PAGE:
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This case involved four competing securities class actions against The Star Entertainment Group Ltd (Star), commenced respectively by Slater & Gordon (S&G), Maurice Blackburn (MB), Phi Finney McDonald (PFM) and Shine (in that order). Each of the plaintiff firms, other than Shine, proposed to conduct the proceeding pursuant to a group costs order (GCO) as follows:

  • S&G: 14%;
  • MB: 10% of the first $50 million, 20% of the next $50 million, and 25% of any amount over $100 million; and
  • PFM: 17%.

Shine, on the other hand, proposed to conduct the proceeding on a conventional ‘no-win no-fee’ basis.

As there were no proposals for consolidation of proceedings, the hearing was conducted on the basis that only one of the proceedings would continue, with the remaining three proceedings being permanently stayed.

Pursuant to a highly prescriptive process, each parties’ evidence and submissions was required to address ten identified topics, namely:

  • proposal for carriage;
  • practitioners (i.e., experience and resources);
  • nature and scope of the causes of action advanced (and relevant case theories);
  • group membership;
  • funding and legal costs (including any proposed GCO);
  • proposals for security;
  • extent of any bookbuild;
  • the state of preparation of the proceedings;
  • any other material factor(s); and
  • relief sought.

Each party filed voluminous evidence and submissions in relation to each of those topics, and sought to distinguish it (and its proceeding) from the others in various ways. However, Nichols J ultimately concluded that the vast majority of those factors were neutral in the overall determination of multiplicity.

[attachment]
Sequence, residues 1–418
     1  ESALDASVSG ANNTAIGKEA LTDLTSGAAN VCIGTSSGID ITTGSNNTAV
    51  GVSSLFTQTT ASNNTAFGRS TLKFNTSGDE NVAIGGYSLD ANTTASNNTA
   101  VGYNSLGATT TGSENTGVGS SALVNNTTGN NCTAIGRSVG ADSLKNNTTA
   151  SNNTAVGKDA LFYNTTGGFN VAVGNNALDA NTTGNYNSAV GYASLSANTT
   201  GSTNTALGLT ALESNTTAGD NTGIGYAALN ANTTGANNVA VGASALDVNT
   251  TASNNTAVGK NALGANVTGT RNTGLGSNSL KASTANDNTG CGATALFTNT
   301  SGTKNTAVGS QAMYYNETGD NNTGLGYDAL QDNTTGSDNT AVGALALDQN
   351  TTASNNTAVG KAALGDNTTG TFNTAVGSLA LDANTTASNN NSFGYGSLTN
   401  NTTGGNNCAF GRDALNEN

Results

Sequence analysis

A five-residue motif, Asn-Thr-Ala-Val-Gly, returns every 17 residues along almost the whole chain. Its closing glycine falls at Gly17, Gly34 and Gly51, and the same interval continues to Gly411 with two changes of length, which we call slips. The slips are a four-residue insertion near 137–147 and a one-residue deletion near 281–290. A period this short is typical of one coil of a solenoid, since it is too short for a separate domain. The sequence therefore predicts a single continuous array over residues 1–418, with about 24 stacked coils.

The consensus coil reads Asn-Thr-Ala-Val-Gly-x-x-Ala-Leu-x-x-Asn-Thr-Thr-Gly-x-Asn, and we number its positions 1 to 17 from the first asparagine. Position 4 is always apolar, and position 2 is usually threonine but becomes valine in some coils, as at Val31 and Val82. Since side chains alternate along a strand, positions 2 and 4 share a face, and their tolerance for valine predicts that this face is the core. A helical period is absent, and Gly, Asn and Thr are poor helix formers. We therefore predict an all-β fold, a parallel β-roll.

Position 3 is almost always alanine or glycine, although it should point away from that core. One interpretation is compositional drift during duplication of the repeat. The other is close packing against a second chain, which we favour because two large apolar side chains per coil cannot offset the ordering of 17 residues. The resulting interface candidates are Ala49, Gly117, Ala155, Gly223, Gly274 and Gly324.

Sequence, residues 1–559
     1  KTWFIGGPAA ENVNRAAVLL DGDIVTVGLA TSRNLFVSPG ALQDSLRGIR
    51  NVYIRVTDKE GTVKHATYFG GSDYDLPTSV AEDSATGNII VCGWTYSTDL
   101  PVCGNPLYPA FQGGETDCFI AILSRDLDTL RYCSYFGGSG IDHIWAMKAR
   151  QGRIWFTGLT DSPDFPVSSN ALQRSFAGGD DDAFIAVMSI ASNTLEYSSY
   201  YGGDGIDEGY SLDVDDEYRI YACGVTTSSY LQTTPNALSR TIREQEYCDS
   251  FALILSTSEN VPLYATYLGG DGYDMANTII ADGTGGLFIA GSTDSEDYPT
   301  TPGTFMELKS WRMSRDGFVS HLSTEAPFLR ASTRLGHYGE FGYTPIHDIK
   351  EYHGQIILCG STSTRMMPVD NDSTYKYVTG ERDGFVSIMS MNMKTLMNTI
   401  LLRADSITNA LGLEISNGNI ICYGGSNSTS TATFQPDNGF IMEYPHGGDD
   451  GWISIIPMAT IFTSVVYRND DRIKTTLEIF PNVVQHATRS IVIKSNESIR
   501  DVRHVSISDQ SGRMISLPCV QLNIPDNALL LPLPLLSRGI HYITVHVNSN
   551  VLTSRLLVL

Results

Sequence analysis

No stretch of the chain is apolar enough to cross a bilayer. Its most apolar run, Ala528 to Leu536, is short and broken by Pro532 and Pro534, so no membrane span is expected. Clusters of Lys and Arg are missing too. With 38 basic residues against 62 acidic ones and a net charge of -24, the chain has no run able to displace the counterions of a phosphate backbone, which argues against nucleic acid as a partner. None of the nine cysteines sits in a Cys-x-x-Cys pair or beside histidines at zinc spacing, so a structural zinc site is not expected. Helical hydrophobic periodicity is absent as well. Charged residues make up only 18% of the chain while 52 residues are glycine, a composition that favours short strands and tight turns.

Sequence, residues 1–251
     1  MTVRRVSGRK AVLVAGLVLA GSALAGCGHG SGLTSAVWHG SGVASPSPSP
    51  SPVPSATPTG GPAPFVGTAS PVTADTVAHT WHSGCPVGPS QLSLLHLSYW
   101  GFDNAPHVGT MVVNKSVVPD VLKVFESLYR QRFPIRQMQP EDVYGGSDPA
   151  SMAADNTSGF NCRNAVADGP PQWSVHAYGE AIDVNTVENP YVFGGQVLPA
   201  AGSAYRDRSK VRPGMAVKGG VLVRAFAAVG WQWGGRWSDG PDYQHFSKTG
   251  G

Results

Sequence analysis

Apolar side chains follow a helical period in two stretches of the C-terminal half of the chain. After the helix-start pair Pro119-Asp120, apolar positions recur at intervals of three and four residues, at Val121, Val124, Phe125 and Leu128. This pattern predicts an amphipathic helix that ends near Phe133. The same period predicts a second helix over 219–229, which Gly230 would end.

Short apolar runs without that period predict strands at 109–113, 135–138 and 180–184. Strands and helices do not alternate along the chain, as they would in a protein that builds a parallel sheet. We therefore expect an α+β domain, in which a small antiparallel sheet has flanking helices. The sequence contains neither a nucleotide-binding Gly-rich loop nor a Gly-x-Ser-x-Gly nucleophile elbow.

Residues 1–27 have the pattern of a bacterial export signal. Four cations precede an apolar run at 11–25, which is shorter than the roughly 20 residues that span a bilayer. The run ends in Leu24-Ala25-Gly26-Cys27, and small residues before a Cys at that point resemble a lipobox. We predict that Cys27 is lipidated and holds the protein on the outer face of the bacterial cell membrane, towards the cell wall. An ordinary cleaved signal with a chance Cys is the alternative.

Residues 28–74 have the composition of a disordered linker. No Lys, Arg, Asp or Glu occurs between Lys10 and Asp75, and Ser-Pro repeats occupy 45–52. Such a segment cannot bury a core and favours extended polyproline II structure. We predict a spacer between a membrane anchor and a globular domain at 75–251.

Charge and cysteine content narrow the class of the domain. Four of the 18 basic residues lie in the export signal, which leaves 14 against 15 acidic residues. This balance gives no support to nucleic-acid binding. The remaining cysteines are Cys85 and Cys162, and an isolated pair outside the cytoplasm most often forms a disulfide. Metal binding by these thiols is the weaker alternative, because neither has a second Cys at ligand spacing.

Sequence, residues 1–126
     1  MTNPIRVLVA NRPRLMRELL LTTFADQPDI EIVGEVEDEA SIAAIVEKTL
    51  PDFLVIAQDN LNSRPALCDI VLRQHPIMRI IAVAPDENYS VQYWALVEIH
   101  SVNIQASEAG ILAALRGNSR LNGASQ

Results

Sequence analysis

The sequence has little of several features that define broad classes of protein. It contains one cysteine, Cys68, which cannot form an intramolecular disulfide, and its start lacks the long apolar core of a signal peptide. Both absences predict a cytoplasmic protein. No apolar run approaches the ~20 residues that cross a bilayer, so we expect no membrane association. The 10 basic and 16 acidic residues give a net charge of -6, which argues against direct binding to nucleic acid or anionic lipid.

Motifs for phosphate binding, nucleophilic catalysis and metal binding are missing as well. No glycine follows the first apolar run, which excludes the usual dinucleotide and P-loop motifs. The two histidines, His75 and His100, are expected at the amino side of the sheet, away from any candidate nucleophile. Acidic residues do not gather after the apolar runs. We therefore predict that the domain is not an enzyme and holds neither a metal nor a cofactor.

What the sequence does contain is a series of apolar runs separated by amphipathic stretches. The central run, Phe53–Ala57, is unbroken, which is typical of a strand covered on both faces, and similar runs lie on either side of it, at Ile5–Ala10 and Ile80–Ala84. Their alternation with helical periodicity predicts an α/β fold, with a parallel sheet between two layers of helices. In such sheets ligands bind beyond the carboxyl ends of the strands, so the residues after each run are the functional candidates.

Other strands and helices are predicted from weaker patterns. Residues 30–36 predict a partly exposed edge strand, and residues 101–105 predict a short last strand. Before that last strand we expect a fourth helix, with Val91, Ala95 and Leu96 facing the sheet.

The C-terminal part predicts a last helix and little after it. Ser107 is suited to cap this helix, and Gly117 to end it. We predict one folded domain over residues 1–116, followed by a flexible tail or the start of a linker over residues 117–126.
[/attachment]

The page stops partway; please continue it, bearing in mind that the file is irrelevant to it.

Her Honour decided to award sole carriage to the S&G proceeding, primarily based on its unprecedented GCO rate of 14%. In doing so, her Honour agreed with the position adopted by the contradictors, and dismissed arguments raised by the other parties that:

  • the rate was too low, in the sense that it was a ‘loss leader’ for S&G which would not ultimately be in class members’ interests;
  • the financial position of S&G was such as to raise legitimate concerns as to its ability to adequately resource the proceeding through to a conclusion; and
  • the rate proposed by MB would produce a better outcome for class members for lower settlement amounts, below approximately $80 million (which, despite the large estimated overall losses, was a realistic possibility in this case given the precarious financial position of Star and the lack of any information as to its insurance position).

D A Lynch Pty Ltd v The Star Entertainment Group Ltd  [2023] VSC 561 

Supreme Court of Victoria, Nichols J,
19 September 2023 

Plaintiff’s Solicitors: Slater & Gordon; Maurice Blackburn; Phi Finney McDonald;
Shine Defendant’s Solicitors: King & Wood Mallesons
Plaintiff’s Funder: N/A 

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